0:04 [m. 3]--Stanza 1.  The baritone breathlessly presents his verse protesting that he will come late from the hunt.  The first two lines are set to the same three-bar phrase that arches up and down.  The short third and fourth lines use two-bar phrases, the first descending from a high note and the second again arching.  The rhythm pattern from the introduction continues in the piano, but the left hand is now harmonized with two notes, and roughly doubles the voice.  The right hand now plays only octaves after the left hand notes.
0:12 [m. 13]--The last line of the verse is a large arching five-bar phrase.  The line is stated twice, once ascending and once descending.  Under the ascending line, the piano left hand stops doubling the voice and moves parallel to the right hand octaves in sixths.  As the voice descends the piano left hand imitates the arching phrase, playing the ascending portion.  The right hand here abandons the octaves and gradually plays its two-note harmonies at smaller distances.  The volume suddenly increases dramatically.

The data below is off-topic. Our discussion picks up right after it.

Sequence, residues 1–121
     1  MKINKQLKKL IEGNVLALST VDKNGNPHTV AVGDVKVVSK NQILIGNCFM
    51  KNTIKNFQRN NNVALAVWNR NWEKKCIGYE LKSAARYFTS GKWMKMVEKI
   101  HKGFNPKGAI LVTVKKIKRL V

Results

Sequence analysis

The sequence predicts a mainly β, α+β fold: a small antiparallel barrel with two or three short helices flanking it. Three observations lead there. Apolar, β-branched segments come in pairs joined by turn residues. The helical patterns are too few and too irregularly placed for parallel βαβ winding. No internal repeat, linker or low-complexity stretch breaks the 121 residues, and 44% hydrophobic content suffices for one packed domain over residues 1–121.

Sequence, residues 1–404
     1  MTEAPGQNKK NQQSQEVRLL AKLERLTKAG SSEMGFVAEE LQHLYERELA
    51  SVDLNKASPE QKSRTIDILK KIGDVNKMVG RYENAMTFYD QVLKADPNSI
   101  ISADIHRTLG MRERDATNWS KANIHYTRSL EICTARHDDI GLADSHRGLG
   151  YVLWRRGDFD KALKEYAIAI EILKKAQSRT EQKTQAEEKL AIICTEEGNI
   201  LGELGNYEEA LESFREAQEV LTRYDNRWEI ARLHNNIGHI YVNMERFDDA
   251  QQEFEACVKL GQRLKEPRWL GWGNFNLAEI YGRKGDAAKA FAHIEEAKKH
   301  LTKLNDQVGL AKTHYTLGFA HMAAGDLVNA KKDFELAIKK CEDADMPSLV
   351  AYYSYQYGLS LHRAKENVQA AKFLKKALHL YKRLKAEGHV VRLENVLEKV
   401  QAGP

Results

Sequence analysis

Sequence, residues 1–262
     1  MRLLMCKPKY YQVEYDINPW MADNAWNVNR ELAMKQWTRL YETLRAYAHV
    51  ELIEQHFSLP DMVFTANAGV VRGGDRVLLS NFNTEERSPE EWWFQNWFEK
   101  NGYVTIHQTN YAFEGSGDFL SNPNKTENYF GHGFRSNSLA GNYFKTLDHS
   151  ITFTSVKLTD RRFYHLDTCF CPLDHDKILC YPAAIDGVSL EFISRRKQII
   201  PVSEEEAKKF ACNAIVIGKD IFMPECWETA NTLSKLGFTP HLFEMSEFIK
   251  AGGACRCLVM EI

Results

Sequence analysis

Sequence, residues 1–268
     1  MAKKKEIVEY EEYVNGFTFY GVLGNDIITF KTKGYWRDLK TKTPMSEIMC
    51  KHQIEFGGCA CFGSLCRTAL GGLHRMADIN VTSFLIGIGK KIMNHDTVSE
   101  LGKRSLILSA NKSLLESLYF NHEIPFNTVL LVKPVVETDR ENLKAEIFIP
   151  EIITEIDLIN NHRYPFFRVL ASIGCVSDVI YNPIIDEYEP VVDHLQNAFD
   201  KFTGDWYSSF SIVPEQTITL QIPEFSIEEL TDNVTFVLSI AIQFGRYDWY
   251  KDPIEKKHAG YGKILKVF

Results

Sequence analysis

0:15 [m. 17]--As the voice finishes with a cadence, the left hand of the piano continues its imitation, moving from the ascent to the descent.  At this point, the right hand begins yet another imitation, playing the ascent.  When both hands finish their motion, they continue moving in the same directions, apart from each other.  The left hand plays the entire descent again an octave lower, and the right hand the entire ascent an octave higher.  This gives the verse an emphatic full close.
0:19 [m. 21]--The two introductory bars are now played in the higher, related key of B-flat major.